The Blank Page

Interview by Marie Dinolan with Director Lou Dubigeon


You mention in your director’s note that the inspiration behind this film was your journey to finding your own creative voice. Is the main character in the a characterization of yourself? How are you similar or different from this fictional character?

This film is literally inspired from a day of my life. I had been working on set a lot and had been very busy so I had no time to write or even think about new stories. Thanksgiving came around the corner so I was gonna have one day off, I decided that it was gonna be the day I save to write a short story. I woke up extra early, determined to spend my day writing. But of course it never works like that. When you force inspiration, it never comes and when you pressure yourself into “being creative” is when you are completely blank. So I came up with a tons of stories that did not look like me and made no sense. Everything was dramatic and ridiculous. It eventually became funny and I decided to write a light-hearted and non-ambitious comedy about this day I went through, in order to break the spell of the blank page and just have fun. I committed to it and made the film two weeks later!

You have an incredible cast of characters and actors who beautifully live these colorful people. What was the casting process like for you? As a storyteller, casting can be the greatest challenge. What do you do to ensure your projects have the strongest team possible?

Actually for this project I knew everyone. The people involved in the film are all my friends or friends with my lead actress Naomi Greene (my friend too). I wanted to have fun and surround myself with funny characters so I went through my contacts and called people who I thought could naturally match the characters. Most of them are not even actors but everyone was excited and wanted to play so we had a lot of fun. It was a very spontaneous and last minute project.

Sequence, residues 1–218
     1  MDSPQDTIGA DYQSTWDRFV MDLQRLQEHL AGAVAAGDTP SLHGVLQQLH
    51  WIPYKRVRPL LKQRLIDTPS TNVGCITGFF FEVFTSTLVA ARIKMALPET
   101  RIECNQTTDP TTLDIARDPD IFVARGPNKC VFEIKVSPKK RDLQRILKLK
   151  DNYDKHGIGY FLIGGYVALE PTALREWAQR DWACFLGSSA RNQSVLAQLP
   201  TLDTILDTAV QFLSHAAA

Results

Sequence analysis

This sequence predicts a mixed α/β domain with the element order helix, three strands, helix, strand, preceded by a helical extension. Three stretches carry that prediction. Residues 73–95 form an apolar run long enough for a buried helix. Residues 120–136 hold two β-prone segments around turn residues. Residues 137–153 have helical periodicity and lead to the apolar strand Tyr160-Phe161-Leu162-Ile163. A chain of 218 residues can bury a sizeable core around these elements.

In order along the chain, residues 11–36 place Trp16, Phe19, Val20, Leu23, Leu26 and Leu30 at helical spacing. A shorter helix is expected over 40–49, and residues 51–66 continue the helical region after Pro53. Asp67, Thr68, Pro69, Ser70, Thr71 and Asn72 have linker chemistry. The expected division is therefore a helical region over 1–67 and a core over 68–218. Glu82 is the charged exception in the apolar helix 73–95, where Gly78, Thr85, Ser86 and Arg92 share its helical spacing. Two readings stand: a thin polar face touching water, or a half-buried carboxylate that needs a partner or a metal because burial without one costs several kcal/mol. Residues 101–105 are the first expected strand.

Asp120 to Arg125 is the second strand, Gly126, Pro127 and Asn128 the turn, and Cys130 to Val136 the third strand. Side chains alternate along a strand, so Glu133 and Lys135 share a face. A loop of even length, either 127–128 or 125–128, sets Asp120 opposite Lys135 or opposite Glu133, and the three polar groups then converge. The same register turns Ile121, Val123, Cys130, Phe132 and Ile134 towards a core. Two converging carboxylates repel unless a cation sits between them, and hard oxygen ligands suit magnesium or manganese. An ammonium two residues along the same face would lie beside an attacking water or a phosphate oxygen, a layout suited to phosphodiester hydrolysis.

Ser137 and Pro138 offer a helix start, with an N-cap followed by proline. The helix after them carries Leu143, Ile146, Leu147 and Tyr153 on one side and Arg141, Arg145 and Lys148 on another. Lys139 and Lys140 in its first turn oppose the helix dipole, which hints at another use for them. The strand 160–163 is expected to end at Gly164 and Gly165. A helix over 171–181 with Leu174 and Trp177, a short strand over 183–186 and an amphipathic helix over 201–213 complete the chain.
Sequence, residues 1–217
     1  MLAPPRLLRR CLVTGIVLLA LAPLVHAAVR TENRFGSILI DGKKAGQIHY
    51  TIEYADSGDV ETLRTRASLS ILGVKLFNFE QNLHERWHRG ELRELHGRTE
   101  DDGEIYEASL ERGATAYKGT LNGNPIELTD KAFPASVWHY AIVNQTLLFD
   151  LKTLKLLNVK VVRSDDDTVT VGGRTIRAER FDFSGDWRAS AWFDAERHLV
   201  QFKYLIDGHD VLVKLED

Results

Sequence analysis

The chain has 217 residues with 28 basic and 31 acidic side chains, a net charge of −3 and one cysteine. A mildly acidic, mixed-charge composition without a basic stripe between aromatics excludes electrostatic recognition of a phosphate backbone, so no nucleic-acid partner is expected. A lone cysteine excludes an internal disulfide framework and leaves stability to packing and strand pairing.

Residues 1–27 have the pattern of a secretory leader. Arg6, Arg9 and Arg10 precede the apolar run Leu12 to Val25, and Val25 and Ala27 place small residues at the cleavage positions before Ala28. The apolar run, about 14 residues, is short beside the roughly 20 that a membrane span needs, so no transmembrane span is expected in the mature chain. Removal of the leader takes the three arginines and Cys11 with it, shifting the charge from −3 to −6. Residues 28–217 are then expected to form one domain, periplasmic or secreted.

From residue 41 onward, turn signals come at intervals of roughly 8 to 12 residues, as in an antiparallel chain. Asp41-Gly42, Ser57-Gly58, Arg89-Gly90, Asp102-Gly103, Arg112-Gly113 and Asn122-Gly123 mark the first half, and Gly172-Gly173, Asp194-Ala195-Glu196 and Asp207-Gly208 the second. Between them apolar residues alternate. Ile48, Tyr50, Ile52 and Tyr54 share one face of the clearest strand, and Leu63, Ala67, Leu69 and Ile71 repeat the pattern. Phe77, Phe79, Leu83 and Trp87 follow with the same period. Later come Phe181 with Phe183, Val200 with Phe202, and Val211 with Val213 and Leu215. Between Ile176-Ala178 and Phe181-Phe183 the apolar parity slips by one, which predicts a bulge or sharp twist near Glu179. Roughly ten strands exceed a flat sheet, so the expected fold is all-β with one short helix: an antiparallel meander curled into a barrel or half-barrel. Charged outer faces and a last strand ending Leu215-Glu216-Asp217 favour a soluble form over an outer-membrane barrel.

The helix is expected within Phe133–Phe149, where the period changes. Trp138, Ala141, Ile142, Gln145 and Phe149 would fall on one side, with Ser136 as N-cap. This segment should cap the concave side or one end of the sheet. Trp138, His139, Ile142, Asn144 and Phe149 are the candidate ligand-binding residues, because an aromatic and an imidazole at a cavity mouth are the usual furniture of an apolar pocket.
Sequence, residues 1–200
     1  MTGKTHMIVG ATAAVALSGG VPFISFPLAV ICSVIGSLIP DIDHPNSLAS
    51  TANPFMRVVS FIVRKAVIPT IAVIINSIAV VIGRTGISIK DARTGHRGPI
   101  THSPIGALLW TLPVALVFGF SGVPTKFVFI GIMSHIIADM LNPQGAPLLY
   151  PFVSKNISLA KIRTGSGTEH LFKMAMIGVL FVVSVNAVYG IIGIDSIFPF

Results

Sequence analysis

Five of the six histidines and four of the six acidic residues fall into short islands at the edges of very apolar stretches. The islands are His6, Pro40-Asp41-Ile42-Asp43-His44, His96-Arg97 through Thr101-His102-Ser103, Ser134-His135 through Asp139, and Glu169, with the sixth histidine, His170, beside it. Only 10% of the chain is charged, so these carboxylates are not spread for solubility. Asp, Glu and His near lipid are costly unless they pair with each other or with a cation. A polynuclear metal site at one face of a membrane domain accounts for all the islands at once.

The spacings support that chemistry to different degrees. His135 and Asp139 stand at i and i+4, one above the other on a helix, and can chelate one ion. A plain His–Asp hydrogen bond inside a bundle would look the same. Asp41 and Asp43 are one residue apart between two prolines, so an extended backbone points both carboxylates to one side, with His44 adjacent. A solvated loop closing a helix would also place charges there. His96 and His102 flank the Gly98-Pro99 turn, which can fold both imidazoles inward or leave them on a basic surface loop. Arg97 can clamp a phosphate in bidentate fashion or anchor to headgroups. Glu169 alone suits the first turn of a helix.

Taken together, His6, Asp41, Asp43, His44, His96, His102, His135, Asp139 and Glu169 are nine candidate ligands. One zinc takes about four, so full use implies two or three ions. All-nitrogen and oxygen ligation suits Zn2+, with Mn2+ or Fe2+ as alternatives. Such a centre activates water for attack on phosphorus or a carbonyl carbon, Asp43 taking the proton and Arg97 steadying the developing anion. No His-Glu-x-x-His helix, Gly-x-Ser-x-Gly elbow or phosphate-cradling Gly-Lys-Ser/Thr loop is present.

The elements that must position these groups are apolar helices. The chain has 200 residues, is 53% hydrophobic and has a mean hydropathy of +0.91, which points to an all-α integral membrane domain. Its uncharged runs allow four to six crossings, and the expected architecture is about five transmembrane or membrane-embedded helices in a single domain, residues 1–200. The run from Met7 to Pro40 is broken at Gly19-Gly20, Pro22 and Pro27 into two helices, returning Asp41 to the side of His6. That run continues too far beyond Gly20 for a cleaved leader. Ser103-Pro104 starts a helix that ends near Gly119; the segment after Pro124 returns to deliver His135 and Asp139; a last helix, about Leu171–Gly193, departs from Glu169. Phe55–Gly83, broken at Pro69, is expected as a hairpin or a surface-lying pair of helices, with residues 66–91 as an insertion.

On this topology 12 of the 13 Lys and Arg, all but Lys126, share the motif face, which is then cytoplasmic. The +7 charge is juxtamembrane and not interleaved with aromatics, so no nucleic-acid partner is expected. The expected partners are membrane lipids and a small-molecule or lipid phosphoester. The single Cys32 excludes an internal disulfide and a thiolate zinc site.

Generally speaking, to ensure that my projects have the strongest team possible I need to be really excited about every member of my cast. If I cast someone and I think “they’ll do”, or “yeah they understand the part”, that’s not good. Even though they’re not perfect and can be different from the original conception I had of the character in the script, I need to be eager to work with them and play with them. I need to trust them too on their excitement about the project and their willingness to bring as much as they can to it.

The Blank Page’s set and prop design stood out with its cute, feminine, vintage and captivating style. Tell us about the process in creating such a visually “yummy” film!

As I mentioned earlier, when I was first writing I was coming up with tons of dramatic stories that did not look like me. Everything was so heavy and deep, so serious. I decided to completely scratch all of that and do something fun and colorful, with which I could play with the visuals. The story became driven by that. I wanted the piece to bring a bit of sunshine, happiness and brightness to every viewer. I wanted it to be simple, like a little lollipop relief in the middle of so many serious movies.  Every prop, location and piece of costume had to be part of that. I started to select a few random objects in my house and after I came up with the color palette with my costume designer I went to the prop house and completed with a few key objects. The whole process was actually very simple and genuine.
Kirk Gostkowski